There’s something rather ironic about reviewing a documentary examining the decline of print media on an online movie blog. However, despite the global reach of the internet threatening to turn newspapers into a redundant medium, Andrew Rossi’s Page One: A Year Inside the New York Times (2011) creates a compelling argument to those ready to tighten the noose around the fragile neck of one of the most respected papers of recent American history.
Director Rossi spent 14 months observing the media desk of The New York Times during the worst recession the publishing world has seen. In this time, Rossi witnessed highs and lows, from the Time’s revolutionary collaboration with Julian Assange and WikiLeaks, to the paper’s unfortunate mass layoffs. Plummeting advertising revenue, combined with the rise of digital media has resulted in the US institution being on a constant ‘deathwatch’.
Page One opens with a mesmerising tracking shot of a printing press before transferring to a fly-on-the-wall viewpoint for the majority of the film. This voyeuristic approach allows the audience to become part of the hectic NY Times news room, which leads to an unusual emotional connection towards this famous organisation. Clearly aiming to make the audience appreciate something they’ve always taken for granted, it’s hard not to perceive this divisive method as little more than a crying plea for help from a company whose demise appears imminent.
Yet Rossi’s documentary is more an expose of life behind the curtains at The NY Times, rather than a probing investigation into how best to save it. Thrusting the audience into the daily lives of these reporters, Rossi allows us the rare opportunity to put faces to those tiny names in the byline, whilst observing how a story moves from an idea to the coveted front page of the newspaper – in many ways, Page One is not so much an educational voyage into a dying medium, but rather an experience to be savoured.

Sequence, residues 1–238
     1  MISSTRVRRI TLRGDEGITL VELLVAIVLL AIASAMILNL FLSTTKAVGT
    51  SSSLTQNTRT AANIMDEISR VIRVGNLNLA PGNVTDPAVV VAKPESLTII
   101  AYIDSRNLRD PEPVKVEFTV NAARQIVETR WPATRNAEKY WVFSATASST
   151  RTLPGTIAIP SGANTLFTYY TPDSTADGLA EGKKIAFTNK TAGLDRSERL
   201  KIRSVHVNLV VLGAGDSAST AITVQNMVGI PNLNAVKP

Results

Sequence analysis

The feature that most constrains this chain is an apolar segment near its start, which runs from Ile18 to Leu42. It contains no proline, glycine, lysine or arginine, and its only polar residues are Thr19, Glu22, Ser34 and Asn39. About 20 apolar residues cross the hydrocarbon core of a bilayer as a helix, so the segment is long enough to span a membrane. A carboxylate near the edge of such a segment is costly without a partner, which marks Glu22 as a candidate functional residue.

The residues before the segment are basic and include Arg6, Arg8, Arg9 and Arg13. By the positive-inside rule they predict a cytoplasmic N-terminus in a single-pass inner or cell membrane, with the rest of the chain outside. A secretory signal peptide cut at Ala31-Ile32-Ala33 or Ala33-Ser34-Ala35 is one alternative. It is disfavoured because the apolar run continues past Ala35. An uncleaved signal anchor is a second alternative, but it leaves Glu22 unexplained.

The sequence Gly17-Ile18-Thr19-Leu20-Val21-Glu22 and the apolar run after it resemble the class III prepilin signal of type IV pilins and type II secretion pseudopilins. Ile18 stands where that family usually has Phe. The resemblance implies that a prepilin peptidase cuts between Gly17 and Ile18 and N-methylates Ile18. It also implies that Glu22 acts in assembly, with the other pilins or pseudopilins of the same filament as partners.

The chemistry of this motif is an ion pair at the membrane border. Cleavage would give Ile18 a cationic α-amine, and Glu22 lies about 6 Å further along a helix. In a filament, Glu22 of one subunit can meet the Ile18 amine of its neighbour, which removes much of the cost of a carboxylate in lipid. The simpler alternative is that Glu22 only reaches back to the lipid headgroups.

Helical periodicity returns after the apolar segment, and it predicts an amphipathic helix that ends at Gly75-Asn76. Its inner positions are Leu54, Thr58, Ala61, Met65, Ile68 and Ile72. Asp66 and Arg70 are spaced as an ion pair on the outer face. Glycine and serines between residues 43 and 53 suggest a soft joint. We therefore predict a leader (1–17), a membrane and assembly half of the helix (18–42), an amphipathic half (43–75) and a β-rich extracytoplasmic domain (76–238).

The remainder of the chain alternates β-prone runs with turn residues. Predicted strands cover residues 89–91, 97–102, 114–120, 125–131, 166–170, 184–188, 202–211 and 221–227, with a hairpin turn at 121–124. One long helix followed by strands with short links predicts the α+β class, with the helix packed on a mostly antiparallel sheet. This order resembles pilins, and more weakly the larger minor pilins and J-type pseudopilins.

It’s the appearance of the paper’s media and culture columnist David Carr which helps to turn Page One from a sympathetic film into the hard-hitting, informative and entertaining type of story The NY Times itself has become famous for. Carr’s own journey from drug addiction and incarceration to respected journalist is in itself a metaphor for the resilience of the paper, whilst his reluctance to embrace the digital age highlights the obstacles The NY Times must overcome if it’s to survive.
Carr brings an intoxicating degree of wit and honesty to the documentary. His professional integrity and genuine belief in the paper are what truly draws the audience into the film. It’s not just his aggressive approach to journalism, but rather his ability to begrudgingly accept this inevitable switch away from print, whilst simultaneously decrying it, which makes for the film’s most entertaining moments.
Page One: A Year Inside the New York Times successfully creates an argument that there is still a place in the world for a credible paper like The NY Times. However, far too much of Page One feels like an epitaph for a death which has yet to transpire. The film remains a thoroughly absorbing and surprisingly cinematic effort, but sadly feels more like a fleeting swan song than the rally-to-arms which many may have hoped for.